5 Must-Do Exercises for Beginner Snowboarders

By Tamara Hinson Feb. 07, 2020
(Credit: Merkushev Vasiliy/Shutterstock)

So you’ve picked your ski resort, booked the hotel and splurged on the latest kit. But what about your fitness regime? Extra stress on certain bones and muscles can lead to sprains, ligament tears and fractures, which is why we’ve come to the rescue with five exercises to help you get in shape for your snowboarding vacation.

Tricep dips

When you’re learning to snowboard, you’ll inevitably spend more time sitting down, whether it’s to take a break or because you’ve fallen over. Having your feet strapped to a board means you’ll rely on your arms to push yourself back into a standing position, making tricep dips particularly beneficial. However, you don’t have to be a beginner to benefit, because tricep dips also strengthen the core, and a strong core aids stability, making this exercise ideal for all skill levels.


Whether it’s star jumps or skipping jumps, getting airborne is a great way to improve your balance, as well as your strength and coordination. “It’s important to include balance and coordination in your workouts – it’s no good getting strong without being balanced,” advised BBC Ski Sunday presenter and former Olympic skier Graham Bell, who recommends an exercise he refers to as the Super G jump. “Try leaping from one leg to the other in a diagonal direction and landing balanced but with one leg bent to 90 degrees.”

High lunge yoga pose

Now for something a little gentler. Former pro snowboarder Ed Leigh swears by his pre-winter yoga sessions. “ Yoga works every part of the body so you’re physically strong, but it also strengthens the muscles, so if you crash, your body will bend, not break,” explained Leigh. One particularly suitable pose is the high lunge, which involves stepping forward with your right leg, keeping the left leg fully extended, then holding this position for around 30 seconds, before switching legs. This particular move stretches the groin and legs while strengthening the spine and lower body – all areas which are particularly vulnerable to injury on the slopes.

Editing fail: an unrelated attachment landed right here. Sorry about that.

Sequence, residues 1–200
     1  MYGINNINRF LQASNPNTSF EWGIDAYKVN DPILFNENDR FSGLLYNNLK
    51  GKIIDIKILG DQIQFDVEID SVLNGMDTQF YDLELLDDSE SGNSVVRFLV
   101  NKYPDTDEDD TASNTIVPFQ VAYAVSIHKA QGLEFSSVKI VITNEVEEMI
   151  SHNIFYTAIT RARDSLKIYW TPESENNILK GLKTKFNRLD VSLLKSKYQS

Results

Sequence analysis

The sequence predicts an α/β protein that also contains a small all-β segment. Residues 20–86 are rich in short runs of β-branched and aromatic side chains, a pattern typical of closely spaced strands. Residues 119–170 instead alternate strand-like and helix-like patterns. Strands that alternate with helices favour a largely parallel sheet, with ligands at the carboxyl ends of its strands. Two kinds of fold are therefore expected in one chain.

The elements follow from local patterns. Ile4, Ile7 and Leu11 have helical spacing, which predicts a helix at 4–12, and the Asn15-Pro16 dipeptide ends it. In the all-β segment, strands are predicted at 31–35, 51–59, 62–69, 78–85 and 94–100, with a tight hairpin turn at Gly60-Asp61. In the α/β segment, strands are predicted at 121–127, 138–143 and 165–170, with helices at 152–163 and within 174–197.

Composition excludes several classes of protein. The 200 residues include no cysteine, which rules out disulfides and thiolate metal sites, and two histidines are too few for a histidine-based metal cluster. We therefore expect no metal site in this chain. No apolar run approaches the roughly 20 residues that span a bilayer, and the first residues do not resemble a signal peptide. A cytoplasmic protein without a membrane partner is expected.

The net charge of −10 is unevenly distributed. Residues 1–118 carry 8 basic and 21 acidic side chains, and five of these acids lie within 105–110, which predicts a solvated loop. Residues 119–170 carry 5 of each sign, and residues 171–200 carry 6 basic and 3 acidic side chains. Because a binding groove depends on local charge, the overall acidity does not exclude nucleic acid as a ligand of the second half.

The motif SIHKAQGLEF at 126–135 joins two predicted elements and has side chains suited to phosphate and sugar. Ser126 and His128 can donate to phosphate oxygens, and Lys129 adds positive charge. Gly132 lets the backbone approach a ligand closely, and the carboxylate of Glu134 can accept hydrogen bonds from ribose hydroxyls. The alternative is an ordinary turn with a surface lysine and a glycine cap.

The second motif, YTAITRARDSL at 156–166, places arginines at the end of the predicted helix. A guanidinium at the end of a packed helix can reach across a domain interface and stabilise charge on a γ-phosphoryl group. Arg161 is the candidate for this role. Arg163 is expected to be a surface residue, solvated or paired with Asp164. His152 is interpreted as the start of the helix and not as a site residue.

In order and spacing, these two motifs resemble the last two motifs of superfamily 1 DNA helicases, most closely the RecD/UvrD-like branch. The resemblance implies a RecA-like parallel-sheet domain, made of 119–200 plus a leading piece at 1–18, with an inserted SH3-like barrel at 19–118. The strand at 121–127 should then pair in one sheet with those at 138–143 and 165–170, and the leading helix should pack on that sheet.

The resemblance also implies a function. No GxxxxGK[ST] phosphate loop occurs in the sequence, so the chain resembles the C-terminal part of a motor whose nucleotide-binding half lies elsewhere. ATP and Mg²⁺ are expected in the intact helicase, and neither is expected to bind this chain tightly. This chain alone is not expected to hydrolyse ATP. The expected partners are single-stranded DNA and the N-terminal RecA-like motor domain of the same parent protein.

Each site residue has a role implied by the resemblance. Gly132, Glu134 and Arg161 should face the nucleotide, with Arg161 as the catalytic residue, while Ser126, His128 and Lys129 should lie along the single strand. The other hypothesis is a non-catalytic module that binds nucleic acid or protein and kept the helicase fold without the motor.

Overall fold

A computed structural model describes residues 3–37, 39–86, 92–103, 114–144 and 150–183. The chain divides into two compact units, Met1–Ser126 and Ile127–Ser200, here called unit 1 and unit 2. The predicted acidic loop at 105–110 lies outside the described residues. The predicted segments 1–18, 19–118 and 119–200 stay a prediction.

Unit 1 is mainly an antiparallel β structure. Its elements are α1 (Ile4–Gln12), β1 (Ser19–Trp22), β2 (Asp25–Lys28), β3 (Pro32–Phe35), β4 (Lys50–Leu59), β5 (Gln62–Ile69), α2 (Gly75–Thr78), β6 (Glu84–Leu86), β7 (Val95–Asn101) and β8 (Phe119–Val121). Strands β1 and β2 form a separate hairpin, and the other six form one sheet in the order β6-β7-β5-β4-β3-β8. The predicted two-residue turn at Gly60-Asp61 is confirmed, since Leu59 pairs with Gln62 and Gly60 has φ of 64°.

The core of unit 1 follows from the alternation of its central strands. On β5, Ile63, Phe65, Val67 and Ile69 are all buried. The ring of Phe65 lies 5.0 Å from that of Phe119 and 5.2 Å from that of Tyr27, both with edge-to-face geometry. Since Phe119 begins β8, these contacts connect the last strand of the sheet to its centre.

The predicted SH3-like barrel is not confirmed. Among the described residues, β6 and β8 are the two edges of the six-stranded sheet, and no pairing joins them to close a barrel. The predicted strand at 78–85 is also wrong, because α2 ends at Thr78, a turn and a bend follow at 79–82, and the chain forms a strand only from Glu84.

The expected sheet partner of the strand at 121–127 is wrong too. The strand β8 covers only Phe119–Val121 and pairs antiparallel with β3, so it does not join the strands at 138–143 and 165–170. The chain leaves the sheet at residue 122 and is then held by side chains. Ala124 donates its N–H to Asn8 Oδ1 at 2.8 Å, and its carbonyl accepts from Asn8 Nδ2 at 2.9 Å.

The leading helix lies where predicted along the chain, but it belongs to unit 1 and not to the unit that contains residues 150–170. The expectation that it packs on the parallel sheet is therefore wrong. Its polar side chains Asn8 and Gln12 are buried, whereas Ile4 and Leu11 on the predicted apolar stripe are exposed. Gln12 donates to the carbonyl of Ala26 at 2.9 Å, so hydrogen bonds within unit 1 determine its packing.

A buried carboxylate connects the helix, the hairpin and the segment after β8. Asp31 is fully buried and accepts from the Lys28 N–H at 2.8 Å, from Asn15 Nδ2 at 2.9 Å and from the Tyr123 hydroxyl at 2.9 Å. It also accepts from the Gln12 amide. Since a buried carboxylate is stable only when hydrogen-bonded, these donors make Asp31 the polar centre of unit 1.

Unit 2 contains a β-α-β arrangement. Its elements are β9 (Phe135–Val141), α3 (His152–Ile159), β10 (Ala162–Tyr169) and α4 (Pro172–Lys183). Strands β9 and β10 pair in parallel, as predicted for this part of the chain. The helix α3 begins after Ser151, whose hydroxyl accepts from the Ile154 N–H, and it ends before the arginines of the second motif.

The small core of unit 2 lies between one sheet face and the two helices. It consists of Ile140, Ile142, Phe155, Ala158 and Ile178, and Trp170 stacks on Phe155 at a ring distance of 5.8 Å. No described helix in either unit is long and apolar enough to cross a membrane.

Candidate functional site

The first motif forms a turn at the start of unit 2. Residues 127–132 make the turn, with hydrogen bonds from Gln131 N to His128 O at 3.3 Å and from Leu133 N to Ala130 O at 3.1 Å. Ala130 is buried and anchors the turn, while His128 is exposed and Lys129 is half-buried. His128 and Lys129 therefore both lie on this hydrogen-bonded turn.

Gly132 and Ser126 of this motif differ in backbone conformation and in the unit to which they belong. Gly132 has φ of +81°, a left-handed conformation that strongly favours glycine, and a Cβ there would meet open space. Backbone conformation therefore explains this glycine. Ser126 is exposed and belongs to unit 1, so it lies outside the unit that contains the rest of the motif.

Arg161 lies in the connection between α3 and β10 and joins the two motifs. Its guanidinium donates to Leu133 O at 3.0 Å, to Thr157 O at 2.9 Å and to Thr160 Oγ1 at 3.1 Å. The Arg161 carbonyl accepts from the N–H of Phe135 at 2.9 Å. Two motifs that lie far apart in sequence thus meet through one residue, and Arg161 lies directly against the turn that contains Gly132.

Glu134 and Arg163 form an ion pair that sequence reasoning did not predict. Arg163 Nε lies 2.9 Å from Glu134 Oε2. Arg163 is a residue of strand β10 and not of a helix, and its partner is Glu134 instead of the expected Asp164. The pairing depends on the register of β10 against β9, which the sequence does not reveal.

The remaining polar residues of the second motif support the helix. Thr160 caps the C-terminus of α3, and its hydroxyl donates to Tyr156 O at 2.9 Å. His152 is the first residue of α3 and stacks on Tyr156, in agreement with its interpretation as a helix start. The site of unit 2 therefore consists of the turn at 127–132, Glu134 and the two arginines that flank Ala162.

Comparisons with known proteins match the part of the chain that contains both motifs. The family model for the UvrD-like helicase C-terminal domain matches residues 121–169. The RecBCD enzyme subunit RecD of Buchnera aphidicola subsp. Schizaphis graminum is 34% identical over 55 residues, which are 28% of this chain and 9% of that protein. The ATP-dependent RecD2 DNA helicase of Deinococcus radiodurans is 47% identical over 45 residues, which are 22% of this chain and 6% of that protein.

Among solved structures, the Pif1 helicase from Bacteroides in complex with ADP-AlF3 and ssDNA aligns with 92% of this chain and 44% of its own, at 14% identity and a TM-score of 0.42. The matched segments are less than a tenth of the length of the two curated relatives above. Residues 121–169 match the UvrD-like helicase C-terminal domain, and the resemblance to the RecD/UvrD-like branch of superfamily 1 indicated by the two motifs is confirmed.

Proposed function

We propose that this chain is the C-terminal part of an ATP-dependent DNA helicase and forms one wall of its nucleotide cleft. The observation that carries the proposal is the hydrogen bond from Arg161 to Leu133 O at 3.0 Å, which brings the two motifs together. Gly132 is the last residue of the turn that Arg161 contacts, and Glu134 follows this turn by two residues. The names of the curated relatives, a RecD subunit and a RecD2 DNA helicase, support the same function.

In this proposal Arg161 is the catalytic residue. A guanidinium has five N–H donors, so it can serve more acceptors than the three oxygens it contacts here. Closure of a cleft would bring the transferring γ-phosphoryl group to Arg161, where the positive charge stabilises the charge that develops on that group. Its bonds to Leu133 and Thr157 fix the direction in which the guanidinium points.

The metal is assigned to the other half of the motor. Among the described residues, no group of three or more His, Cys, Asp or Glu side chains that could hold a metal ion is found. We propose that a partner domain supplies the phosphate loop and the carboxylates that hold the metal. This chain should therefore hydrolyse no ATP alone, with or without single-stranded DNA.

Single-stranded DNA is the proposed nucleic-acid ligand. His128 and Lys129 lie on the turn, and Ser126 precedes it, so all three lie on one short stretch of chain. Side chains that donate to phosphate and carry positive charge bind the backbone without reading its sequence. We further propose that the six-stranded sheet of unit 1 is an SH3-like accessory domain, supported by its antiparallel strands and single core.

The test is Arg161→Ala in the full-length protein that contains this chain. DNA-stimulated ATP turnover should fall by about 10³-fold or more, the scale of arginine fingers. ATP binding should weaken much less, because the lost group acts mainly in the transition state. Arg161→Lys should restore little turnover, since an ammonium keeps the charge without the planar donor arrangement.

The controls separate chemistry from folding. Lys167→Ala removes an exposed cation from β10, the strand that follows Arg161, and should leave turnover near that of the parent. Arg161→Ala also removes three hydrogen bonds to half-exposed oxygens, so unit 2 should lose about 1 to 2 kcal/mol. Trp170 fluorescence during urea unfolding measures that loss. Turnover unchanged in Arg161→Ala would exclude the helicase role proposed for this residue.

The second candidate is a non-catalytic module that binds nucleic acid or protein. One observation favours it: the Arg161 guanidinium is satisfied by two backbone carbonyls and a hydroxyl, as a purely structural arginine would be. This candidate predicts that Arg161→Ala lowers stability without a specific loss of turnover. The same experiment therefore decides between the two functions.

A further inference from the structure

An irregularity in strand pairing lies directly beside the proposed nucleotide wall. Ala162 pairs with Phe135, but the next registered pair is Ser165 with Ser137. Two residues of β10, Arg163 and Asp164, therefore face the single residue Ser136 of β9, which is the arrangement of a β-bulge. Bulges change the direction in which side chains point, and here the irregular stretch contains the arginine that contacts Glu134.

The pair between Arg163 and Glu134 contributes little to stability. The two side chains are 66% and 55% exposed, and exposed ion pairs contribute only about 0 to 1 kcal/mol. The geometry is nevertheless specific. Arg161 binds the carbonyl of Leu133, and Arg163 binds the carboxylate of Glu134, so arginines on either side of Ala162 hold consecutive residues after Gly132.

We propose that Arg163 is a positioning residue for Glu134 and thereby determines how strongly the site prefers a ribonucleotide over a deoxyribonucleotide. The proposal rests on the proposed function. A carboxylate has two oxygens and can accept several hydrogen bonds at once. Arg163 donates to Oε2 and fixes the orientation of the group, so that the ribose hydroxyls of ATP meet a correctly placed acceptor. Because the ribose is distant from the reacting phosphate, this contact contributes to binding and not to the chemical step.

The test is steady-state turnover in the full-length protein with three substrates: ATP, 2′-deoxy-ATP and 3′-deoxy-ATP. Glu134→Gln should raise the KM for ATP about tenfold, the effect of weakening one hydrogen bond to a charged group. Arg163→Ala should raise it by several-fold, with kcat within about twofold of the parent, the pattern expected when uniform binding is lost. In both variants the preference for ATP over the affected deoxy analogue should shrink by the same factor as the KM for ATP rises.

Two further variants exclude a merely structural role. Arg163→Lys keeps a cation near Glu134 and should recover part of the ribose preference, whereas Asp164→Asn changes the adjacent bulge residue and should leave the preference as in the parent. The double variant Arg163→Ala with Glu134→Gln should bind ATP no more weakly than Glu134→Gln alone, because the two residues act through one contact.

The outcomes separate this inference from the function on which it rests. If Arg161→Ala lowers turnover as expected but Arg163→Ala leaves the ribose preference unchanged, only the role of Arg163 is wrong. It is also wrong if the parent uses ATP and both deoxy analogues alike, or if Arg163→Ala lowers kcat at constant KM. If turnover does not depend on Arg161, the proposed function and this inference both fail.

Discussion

These exercises can help you become a better snowboarder (Credit: AerialVision_it/Shutterstock)


We’ve already talked about the importance of core strength, and planks (which are similar to press-ups but involve supporting the body with arms bent at the elbows) are hard to beat when it comes to this particular area. A strong core also aids flexibility – especially important if you’re a freestyle snowboarder who loves busting out a trick or two. Our top tip? When performing a plank, remember to keep an eye on your posture – whether you’re a total novice or a planking pro, it’s easy to slip into bad habits. Ensure your body forms a straight line from your heels to your head, and make sure your elbows are directly beneath your shoulders.


Squats are great for strengthening the legs, and can be tweaked to give certain areas, such as the arms, an additional workout. They’re also easy to perform – from a standing position, with your feet wide, you’ll simply lower your body into a sitting position, as if there’s an invisible chair behind you. “With skiing and snowboarding, the muscles under the most strain are the thighs, knees and abdominals,” pointed out Olivier Buloz, director of the Ecole Française de Ski (ESF) ski school in the French resort of Les Carroz . “And for targeted muscle building, nothing beats squats. You can also do jumping squats, raising your arms in the air as you jump, to increase the heart rate and to improve the cardiovascular system.”

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